Six Nations: France 20-18 Wales – Five things we’ve learnt
Wales finished a quite extraordinary match on the end of an excruciating loss but what could Rob Howley's men take from a turbulent Six Nations?
Scrums weren’t the culprit
BBC’s new Saturday afternoon drama was quality viewing. Running at nearly 100 minutes, instead of the advertised 80 minutes, the plot had everything that any seasoned drama connoisseur could wish for. There was violence/ biting, doctors allegedly disregarding the Hippocratic oath, and one of the commentators, played by Jonathan Davies, disappeared halfway through the game in mysterious circumstances – web forums are already suggesting that the Eddie Butler did it. The episode finished with a regional character, in this case Welsh, being cruelly killed off in the final minutes. But as with all good dramas the reason for the fallen character’s demise isn’t as obvious as it first appears.
Most will blame the ref or France’s alleged cynical replacement of a prop forward, but Wales making just two line breaks in 100 minutes is hugely suspect. As with all of Wales’ performances in this year’s tournament, the breakdown work was immaculate and the defence was almost Roman in efficiency – an 89% completion, with 215 tackles in total. Leigh Halfpenny’s goal-kicking was as good as you’ll see all season, in any competition, and Rhys Webb’s tempo was as intense as we’ve come to expect from the competition’s form 9. But it wasn’t enough. The passing in midfield was at times amateur, with simple short passes regularly being passed behind or above the man. Despite some positives and the obvious drama, Welsh supporters are tiring of the ‘who done it’ and want to know who’s going to fix it.
Lack of line-breaks cripples Wales
Wales made just two line breaks against France (France made nine). An individual stat that overshadowed some good individual performances from Sam Warburton, Justin Tipuric, Rhys Webb and Ken Owens. The line breaks came from Ross Moriarty and Rhys Webb, meaning that the outside backs didn’t a create a single break in nearly 100 minutes. This is not a problem exclusive to the France game. Wales averaged 7.6 line breaks a game for the tournament as a whole – behind France with 11.4, Ireland with 9 and England with 8.4.
It is perhaps an indictment on Wales previous ‘tetris’ like approach to centre play that they are seemingly unable to pass or step their way through the middle. A reluctance to pick Liam Williams at fullback, a player who thrives on cutting the line, has also compounded the problem. It is a real concern as Wales approach the halfway point in their Rugby World Cup cycle.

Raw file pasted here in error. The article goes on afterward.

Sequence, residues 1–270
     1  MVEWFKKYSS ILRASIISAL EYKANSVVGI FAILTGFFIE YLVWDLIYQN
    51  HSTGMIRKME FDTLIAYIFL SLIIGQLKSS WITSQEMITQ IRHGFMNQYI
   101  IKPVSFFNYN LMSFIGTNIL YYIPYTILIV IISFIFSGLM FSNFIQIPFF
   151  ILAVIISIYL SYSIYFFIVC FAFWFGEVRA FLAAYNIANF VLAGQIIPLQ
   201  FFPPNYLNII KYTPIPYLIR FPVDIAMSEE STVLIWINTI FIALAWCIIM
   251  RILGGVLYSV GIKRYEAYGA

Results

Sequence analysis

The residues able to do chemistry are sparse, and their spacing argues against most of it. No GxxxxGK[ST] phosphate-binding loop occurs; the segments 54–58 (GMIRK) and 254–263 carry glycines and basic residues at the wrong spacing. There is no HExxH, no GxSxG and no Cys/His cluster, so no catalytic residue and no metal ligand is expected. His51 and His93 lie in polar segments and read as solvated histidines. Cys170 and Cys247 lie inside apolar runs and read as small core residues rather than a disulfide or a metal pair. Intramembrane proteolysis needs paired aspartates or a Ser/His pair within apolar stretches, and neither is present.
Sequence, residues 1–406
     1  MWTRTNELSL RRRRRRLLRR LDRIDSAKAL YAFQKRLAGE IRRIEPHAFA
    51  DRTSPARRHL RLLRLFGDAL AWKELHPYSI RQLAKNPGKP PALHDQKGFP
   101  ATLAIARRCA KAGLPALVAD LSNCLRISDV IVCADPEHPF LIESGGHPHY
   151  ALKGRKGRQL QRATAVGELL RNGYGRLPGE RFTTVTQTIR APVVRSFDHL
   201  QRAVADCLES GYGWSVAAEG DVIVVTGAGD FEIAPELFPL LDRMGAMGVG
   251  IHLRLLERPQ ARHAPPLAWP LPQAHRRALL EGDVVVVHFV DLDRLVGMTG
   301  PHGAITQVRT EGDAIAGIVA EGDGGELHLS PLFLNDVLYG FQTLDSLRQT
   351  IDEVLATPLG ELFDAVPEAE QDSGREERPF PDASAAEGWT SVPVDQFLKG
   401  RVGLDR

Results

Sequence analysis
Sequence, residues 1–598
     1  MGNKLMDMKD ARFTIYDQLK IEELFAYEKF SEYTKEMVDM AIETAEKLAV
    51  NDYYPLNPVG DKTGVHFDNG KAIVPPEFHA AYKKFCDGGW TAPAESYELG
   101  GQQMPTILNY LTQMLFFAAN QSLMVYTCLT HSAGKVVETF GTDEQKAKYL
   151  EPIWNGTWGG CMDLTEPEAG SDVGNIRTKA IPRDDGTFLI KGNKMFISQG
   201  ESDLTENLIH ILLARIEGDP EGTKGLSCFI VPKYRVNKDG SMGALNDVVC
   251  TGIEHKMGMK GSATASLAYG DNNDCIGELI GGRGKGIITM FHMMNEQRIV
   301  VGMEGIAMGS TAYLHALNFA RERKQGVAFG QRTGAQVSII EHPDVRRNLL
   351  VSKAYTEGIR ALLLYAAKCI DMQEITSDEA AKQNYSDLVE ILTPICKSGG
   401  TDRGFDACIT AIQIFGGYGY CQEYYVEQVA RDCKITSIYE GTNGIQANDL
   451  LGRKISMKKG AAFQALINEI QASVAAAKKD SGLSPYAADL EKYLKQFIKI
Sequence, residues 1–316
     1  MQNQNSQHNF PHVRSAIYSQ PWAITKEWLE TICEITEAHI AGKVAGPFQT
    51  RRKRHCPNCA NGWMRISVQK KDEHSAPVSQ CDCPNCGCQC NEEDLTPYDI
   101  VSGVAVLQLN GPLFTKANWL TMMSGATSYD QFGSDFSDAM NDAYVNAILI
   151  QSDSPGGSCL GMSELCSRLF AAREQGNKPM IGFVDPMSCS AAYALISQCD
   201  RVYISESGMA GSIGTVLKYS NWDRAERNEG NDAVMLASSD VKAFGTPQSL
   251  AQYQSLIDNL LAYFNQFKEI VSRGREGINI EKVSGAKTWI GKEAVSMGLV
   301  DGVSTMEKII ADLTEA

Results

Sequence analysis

Hat-tip for both front rows
It is rare that front row forwards receive much praise on the rugby field. Their work is rugby’s gravity – invisible, difficult for many to comprehend, but vitally important. Rightly or wrongly the front rows were the stars of the show in Paris. To play up to 100 minutes of test rugby is a feat for an outside back, let alone a front row forward – who rarely play more than 60 in the modern game. Add to that the fact that the last 20 minutes was almost purely scrummaging and the workload verged on the amount that a typical front row forward would experience in two test matches.
To put it in perspective the French front row completed 15 scrums on their own ball, compared to an average of 7.5 during the rest of the tournament. Whether Rabah Slimani should have been allowed on the field in the 81st minute remains a question unanswered, whether the front row forwards deserve a round of applause is not.
Rugby’s weird rules laid bare for all to see
Everyone knows that rugby’s rules are overly idiosyncratic. They’re like your unusual mate who does weird things from time to time, but as long as he sits quietly in the corner of your party and doesn’t create too much of a scene, everyone accepts it. Well, this week, rugby’s weird mate dropped his undies in the middle of the party and urinated in the punch bowl. There’s not a sport in the world that adds on 20 minutes of extra time unless the score is tied.
Add to that France’s cynical (being polite) replacement of a prop, allegations of a bite for which there was no footage and what should undoubtedly have been a penalty try awarded to France and you have a game that descended into a farce. But whilst the diehards will have enjoyed the spectacle, the casual supporter may not. Twenty minutes of reset scrums doesn’t exactly make a great recruitment tool in an age where rugby needs to increase its audience share as a matter of urgency.
Wales finish fifth
We were told that when Wales won three of their four games in the Autumn, with what were widely regarded as stodgy ‘Warrenball’ style victories, that only the result mattered. If that rule remains true then this Six Nations must be regarded as failure. To finish fifth in the Six Nations is to all intents and purposes is to finish last – Italy finished with a points difference of -151 points and can’t really be considered competitive this year. Last minute defeats to both England and France were cruel, but can’t be allowed to mask the fact that Wales aren’t creating or finishing anywhere the number of chances required to compete in world rugby as it stands.
Wales scored just eight tries in this tournament compared to the 16 from England and 14 from Ireland and Scotland. The era where Wales’ fitness and defence could win games is over. High balls on the halfway line and generating kickable penalties from the ensuing breakdowns is not enough. As the French result showed, even Leigh Halfpenny’s 100%, six from six, goal kicking is no longer enough and it hasn’t been for two or three seasons. The All Blacks averaged six tries a game last season, Wales are nowhere near that. It is a problem and needs to accepted by everyone involved.